In an interview with First 100 Years, Helena Kennedy, Baroness Kennedy of the Shaws, has spoken of the changes that she has witnessed for women during her career at the Bar. Born to a working-class family in Glasgow, when Helena was called to the Bar in 1972, she describes the stereotypes that she faced:
I went to the Bar and I had the shock of my life because I was with people who were so alien to me… they were almost all young men who’d gone to very expensive public schools, so it was a very different world, it was like stepping into an Evelyn Waugh novel… When I started at the Bar, the stereotype of the successful woman was certainly not one with an accent, she wasn’t one from a working-class background. She was usually an upper middle-class young woman, and the ones who were successful were often ones who had forfeited family life one way or another… and had made their career their absolute commitment.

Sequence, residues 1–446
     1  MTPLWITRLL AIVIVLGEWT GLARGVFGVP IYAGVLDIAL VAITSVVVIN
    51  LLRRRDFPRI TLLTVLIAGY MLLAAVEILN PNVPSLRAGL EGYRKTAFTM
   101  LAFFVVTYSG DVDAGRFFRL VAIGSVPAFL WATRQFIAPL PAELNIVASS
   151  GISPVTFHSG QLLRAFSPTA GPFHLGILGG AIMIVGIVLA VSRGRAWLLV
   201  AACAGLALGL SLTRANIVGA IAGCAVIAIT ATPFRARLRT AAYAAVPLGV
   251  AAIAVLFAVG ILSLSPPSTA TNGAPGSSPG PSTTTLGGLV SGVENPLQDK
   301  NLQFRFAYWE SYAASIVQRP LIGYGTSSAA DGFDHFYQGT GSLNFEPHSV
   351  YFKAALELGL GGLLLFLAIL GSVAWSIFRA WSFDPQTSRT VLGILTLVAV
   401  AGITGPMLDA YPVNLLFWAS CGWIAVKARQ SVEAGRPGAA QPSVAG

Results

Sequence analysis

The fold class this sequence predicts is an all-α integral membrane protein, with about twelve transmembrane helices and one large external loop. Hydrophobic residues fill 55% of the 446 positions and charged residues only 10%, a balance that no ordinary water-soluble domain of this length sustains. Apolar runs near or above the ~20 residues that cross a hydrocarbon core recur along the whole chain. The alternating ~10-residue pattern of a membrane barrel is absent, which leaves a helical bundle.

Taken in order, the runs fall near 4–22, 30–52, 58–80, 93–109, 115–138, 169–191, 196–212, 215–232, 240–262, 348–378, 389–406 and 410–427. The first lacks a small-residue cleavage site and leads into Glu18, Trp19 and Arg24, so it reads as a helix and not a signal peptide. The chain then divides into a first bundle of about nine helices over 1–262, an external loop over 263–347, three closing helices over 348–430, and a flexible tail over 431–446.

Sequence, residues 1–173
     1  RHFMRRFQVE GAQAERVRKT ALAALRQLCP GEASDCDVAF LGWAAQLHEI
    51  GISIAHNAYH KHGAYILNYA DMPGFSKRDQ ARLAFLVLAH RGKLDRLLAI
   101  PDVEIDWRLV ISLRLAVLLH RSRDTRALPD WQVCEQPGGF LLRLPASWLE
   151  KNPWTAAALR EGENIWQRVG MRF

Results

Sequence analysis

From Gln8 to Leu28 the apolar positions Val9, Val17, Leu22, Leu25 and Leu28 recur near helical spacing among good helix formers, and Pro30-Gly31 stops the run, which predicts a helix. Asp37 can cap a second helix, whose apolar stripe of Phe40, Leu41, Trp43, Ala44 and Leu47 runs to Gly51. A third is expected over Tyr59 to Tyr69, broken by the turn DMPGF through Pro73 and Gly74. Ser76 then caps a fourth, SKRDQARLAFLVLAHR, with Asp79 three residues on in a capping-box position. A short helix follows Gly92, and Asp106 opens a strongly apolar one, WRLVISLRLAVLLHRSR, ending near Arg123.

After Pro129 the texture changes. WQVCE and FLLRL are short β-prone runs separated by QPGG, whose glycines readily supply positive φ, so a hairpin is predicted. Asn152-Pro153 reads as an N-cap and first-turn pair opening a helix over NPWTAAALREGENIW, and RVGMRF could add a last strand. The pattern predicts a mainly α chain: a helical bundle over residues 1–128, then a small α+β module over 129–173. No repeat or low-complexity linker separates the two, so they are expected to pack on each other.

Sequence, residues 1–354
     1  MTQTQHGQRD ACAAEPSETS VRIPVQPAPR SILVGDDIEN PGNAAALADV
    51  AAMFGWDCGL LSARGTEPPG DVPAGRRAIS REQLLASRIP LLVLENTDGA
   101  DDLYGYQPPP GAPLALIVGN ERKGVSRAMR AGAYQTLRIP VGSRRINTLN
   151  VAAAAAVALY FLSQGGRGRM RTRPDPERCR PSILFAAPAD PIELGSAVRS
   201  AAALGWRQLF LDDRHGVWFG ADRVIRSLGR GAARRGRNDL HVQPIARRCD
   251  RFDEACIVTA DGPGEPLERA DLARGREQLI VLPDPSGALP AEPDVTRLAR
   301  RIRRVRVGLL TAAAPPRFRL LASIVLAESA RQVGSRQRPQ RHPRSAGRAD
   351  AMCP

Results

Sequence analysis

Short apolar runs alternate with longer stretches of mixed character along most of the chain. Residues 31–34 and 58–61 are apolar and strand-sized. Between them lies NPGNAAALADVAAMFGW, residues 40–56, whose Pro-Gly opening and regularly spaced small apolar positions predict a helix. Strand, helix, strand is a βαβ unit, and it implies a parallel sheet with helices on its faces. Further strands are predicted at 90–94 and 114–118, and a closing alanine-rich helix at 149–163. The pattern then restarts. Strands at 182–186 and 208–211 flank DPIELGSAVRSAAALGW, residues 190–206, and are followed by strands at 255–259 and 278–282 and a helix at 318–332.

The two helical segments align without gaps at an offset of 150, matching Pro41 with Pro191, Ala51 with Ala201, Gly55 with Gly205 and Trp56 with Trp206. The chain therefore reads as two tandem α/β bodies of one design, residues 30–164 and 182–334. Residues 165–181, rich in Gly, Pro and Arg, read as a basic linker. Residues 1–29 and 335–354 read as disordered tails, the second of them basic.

As a young barrister, Helena quickly focused on the gendered impact of the law. “We were interested in how institutions kept women in their place and often didn’t deliver well for women”, she said, “I was representing women who by and large shouldn’t have been in the courts at all, but were often being judged by men on the basis that they didn’t conform to the appropriate ideas of good womanhood”. Seeing this injustice led Helena to start campaigning and attempting to demystify the law, becoming a regular on Women’s Hour, writing articles and even creating her own drama series called ‘Blind Justice’, based on her experiences.
Since then, Helena has become optimistic about the changes she has witnessed over her career. “I’m afraid I still hear stories from young women at the Bar about bad things and experiences they have and discrimination” she said, “but by and large a lot of it has fallen away, and that’s something the Bar can be proud of… a very different kind of advocacy has developed, so that there’s much more space for all kinds of voices”.
The full video interview with Helena Kennedy will be released by First 100 Years soon.